Starting point: Begin at the Rotunda building, next to the Dmowski Roundabout (junction of Marszałkowska street and al.Jerozolimskie)

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During the twenty years between the world wars Warsaw experienced a shift from being a provincial Russian city to becoming a modern, fun-loving capital; a city somewhat dirty and, at times, dangerous, but full of life. In the nationwide-famous cafés people discussed poetry, the novelty of voiced movies and the latest designs of the Diamentsztejn and Kulik hat manufactures. Elegant wives of state officials strolled along the river boulevards watching the Vistula sand-diggers at work. In the working-class district of Powiśle kinds ran barefoot playing “the dime”. That whole world ceased to exist when World War II broke out. Try to find its surviving remnants.

Starting point: Stand in front of the Marshall Piłsudski monument, next to the Europejski hotel (ul. Tokarzewskiego-Karaszewicza, by the Piłsudski Square)

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Who were the doliniarze and the farmazoniarze (“bullshit-tellers”)? What did the pajęczarze (“spiderwebbers”) steal? And what did “to hug a titmouse” mean in the thief slang of the olden days? Over centuries, in the Old Town and the adjoining neighbourhoods the world of the elites intertwined with the rough street reality. In Miodowa street the last King of Poland was kidnapped. A few blocks away and 150 years later the famous Zieliński shot a policeman dead. Discover crime-related stories you’ve never heard before. Warning! Recording not suitable for persons under-age.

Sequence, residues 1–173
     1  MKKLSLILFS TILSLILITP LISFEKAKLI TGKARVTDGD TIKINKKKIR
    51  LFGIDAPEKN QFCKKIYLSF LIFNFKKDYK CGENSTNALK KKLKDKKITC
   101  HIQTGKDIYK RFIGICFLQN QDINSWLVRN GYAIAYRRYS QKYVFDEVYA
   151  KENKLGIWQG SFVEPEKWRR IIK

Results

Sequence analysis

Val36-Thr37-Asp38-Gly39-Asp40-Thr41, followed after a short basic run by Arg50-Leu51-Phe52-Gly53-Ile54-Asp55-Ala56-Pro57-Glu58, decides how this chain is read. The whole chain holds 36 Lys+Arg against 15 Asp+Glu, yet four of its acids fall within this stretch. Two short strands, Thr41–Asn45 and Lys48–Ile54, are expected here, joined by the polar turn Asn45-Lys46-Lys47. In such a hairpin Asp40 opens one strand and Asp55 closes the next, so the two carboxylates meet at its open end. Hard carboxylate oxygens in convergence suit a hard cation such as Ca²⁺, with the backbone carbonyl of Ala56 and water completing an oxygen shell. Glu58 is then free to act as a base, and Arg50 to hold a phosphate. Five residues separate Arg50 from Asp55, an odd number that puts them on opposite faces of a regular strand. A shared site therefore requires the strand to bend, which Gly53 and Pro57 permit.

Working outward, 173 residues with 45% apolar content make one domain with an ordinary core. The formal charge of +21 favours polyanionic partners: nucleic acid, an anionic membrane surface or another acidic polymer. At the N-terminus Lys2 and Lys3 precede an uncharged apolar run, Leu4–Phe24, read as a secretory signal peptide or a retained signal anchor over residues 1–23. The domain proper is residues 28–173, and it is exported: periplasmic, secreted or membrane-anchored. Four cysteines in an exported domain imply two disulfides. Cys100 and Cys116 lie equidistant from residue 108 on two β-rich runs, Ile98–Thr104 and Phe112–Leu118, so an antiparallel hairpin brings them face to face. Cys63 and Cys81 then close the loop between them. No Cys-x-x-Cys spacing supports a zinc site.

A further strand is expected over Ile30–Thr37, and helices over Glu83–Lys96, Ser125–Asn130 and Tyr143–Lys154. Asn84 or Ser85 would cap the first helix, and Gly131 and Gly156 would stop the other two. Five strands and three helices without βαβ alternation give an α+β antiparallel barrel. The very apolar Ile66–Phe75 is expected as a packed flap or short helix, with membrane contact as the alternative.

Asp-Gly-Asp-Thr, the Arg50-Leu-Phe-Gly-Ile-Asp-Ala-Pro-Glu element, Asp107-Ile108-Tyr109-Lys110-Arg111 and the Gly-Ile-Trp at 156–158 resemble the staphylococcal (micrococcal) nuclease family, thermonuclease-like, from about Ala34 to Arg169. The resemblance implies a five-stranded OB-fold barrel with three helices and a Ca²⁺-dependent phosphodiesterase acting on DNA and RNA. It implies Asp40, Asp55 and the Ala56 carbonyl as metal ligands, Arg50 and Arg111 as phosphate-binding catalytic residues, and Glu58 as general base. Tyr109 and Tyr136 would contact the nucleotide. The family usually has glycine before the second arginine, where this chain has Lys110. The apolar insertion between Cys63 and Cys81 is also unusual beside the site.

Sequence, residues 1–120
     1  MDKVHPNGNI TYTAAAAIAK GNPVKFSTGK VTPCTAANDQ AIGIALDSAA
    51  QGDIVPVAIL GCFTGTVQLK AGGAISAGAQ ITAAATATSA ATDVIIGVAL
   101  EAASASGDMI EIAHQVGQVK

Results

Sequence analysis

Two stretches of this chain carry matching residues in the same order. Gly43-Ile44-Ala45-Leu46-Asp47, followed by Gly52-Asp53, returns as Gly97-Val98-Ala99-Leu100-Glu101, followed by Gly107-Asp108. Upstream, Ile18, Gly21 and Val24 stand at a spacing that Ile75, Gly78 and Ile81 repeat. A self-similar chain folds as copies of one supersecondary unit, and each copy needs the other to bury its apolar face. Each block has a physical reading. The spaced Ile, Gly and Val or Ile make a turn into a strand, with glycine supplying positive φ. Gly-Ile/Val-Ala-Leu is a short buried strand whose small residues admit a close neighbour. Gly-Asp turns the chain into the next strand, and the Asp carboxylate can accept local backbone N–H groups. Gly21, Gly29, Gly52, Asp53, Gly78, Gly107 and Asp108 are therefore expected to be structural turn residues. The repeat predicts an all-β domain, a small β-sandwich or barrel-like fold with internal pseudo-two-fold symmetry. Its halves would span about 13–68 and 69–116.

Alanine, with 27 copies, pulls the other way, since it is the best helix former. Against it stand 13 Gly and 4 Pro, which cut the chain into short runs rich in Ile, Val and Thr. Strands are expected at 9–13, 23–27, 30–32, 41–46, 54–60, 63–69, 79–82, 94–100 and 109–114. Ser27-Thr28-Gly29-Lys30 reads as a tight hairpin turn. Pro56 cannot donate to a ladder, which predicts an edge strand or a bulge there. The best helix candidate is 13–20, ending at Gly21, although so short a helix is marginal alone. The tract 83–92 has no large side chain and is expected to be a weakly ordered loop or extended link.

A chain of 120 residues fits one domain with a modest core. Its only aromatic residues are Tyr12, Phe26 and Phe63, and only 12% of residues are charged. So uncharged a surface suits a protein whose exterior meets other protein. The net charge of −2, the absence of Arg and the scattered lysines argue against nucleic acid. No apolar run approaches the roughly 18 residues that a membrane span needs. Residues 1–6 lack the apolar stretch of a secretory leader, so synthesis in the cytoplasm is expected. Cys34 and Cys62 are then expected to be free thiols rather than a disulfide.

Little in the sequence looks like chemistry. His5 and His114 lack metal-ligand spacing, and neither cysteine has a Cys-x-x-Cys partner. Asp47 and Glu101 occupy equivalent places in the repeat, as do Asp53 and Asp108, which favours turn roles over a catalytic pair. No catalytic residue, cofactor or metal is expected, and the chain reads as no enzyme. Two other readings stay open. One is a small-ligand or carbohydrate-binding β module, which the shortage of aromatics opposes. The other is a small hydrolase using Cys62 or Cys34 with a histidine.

Starting point: Stand in front of the Visitationist Church – Kościół Wizytek, Krakowskie Przedmieście 34 str.

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Praga – a multicultural

Dzień dobry! Shalom! Dobry deń!, that’s how people greeted each other in Praga a hundred years ago. Today, apart from the Polish Cześć, you’ll hear there the Vietnamese Hi!, the Chechen Salam! and the English Hallo!. Go for a walk following the multicultural route and see where you can use each of these words. Get to know which gate led to a cheder, where the best flour was produced, and who still attends the Orthodox church. Learn about pre-war Jewish merchants and craftsmen, Georgians who’ve wandered around the district for a century and modern day Vietnamese: until recently, vendors at the 10th-Anniversary Stadium.

Starting point: Stand in front of the Orthodox church in Praga, 
pl. Wileński (Wileński Square), ul. Solidarności 52

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Financial support

The project was implemented thanks to co-financing from the City Council of Warsaw
BRE Bank Foundation
OkiDoki Hostel
Bracia Jabłkowscy Department Store

Scientific support

Muzeum Warszawskiej Pragi, oddział Muzeum Historycznego m. st. Warszawy
Dom Spotkań z Historią

Media patronage
STOLICA monthly illustrated, the only Warsaw-themed magazine on the market

It’s the city dwellers who give the place a soul. It’s them who decide where it’s going to be in vogue to have fun, eat and meet people. These people walk the streets of the city every day dealing with their everyday business. The official history takes place in the background, changes the mood of the streets and influences the lives of ordinary people. Still, it’s those people who are the heroes of our City Paths. Listen to their memories and feel the spirit of our city. Get to know Warsaw.

Do you like our audio guides? Support us.

Transfer any amount to our organisation’s bank account: „Pracownia Etnograficzna”: 62 1540 1287 2001 6889 60520001

Do you have an idea to share? Want to join us or tell us something? Email us at: was created as part of the „Audio-Wawa. Głos Warszawy w audio przewodniku” (Audio-Wawa. The Warsaw voice in your audio guide) project, financed by the City Council of Warsaw.

Credits ▼

Financial support


Scientific support
Organizer Media Patronage Partner